Across Europe there have been many changes to societies and these have included the effects of mass migration. Cultures which were previously Christian now find themselves largely secular and populations which were previously homogenous are now much more mixed. While there are aspects of these changes which are welcomed and beneficial there are also many aspects which people find disadvantageous and worrisome. This is particularly so to the elderly and the working class.
The elderly see the erosion of faith and religion in their culture and the growth of new, and strange, faiths. Often these religions appear hostile to each other. The well published wars raging in the middle-east and the importation of terrorism to European cities will cause, more than just the elderly, to become fearful. And in this regard the term islamophobia may be correct, they do fear the growth of Islam, and are not reassured when they see the persecution of Christians in the Middle East or local police activity oin their capitals.
The working class believe mass migration has allowed their wages to be undercut and living standards to fall and made them fear for their and their families future. In times of stress they see their welfare states failing to meet the demands placed upon it and start to question whether it is being spread too thinly. Welfare states survive because we all feel “we are all in it together”, it is the governmental form of our collective identity, and it operates best when people feel a sense of social cohesion. We all want the best for our neighbours as we can understand them and their predicaments. However, as societies become increasingly diverse that cohesion is loosened and the willingness to share with those we don’t recognise as “like us” is reduced.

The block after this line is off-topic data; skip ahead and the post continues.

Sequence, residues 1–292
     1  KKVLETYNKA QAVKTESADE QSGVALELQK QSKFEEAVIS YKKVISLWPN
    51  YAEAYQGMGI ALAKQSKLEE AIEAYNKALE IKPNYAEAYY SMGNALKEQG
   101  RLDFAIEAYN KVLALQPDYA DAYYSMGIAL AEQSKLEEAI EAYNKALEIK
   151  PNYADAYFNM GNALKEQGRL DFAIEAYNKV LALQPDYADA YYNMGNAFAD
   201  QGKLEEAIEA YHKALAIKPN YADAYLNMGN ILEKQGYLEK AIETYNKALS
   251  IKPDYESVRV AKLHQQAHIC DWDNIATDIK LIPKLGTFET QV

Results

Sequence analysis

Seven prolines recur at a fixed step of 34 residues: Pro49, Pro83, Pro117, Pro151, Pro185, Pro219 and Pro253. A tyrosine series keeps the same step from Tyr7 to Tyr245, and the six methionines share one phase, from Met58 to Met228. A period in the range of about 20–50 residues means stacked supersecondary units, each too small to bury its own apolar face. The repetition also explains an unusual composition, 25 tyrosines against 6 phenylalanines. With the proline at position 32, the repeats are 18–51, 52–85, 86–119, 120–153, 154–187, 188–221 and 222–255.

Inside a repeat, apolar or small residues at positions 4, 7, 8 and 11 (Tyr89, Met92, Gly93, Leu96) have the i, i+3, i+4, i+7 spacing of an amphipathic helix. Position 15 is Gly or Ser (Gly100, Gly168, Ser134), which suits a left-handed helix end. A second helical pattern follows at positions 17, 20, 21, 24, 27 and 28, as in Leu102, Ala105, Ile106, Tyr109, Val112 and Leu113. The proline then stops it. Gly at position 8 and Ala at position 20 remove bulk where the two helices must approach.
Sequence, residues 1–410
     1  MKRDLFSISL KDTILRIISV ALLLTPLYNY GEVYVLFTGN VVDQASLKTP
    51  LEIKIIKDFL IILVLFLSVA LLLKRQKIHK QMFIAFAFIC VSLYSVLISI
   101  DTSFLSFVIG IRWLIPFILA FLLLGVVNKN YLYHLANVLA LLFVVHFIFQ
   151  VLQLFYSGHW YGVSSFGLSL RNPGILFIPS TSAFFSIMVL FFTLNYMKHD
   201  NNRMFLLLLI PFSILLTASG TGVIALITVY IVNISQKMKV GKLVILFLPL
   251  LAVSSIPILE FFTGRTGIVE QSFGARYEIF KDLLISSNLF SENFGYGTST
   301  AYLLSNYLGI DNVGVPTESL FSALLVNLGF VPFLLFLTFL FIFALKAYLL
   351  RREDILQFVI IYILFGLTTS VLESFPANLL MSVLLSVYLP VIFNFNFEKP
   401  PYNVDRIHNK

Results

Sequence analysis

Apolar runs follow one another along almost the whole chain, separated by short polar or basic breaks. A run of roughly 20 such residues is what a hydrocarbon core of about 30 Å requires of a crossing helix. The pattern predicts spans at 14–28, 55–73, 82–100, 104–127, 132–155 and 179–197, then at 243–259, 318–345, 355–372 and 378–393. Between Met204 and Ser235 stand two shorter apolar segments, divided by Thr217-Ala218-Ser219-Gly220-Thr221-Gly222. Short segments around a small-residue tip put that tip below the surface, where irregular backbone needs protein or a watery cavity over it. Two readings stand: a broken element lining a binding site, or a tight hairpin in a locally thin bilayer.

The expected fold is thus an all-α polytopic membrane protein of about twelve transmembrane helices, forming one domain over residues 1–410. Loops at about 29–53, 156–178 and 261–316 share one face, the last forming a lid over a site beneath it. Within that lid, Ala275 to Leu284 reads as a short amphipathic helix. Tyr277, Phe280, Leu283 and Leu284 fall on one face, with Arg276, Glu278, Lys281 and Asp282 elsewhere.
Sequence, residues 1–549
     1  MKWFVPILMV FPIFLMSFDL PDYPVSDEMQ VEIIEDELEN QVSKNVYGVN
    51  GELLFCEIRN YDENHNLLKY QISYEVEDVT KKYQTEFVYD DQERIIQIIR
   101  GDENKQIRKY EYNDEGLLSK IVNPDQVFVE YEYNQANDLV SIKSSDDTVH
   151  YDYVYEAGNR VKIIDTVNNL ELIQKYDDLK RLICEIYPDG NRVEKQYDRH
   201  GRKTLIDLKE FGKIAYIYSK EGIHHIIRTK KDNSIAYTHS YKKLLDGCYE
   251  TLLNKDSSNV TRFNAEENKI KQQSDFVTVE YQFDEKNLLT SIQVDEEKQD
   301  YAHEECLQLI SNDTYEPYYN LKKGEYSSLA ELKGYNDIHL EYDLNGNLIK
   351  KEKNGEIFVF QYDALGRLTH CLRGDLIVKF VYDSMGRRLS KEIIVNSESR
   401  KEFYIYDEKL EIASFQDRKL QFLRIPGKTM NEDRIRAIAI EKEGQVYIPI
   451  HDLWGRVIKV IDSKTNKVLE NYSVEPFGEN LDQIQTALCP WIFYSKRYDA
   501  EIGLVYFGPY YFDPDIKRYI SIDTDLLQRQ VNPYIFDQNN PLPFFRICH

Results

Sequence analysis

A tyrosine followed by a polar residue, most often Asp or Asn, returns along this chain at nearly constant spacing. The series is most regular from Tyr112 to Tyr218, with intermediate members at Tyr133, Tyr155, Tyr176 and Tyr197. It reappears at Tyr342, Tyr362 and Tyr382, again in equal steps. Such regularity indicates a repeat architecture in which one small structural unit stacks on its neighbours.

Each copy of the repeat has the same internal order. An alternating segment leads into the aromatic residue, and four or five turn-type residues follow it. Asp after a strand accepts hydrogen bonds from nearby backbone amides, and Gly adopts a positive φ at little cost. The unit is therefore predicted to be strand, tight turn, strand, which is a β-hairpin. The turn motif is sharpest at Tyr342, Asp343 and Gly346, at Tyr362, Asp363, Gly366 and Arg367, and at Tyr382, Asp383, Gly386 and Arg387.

These groups, and others, think on the group level. They think about “them” not about the individual, not about their specific neighbour, not about A’ishah and Zarif and their kids next door. The more people know people from other cultures the less they fear them. Those who report the most hostility to strangers are those who have the least interactions with them. It is true to say that those living in the very diverse cities tend to have less xenophobic feelings to those living in small rural backwaters.
Day to day, first hand experience, does a great deal to counter prejudice and bigotry. Knowledge is the best antidote ignorance and the best source of knowledge is communication. Unfortunately communication in this particular area has been bvery poor. The major migration shifts were never discussed and now the problems people perceive, rightly or wrongly, are not discussed either. When attempts have been made to question aspects of migration which are seen to be adverse all too often the response has been to shut the debate down with cries that “You can’t say that. You are being racist“. While this does effectively shut down conversation it does not sort the problem. Those with concerns still have concerns but now know they are not allowed to discuss them. They know that they are no longer seen as part of polite society.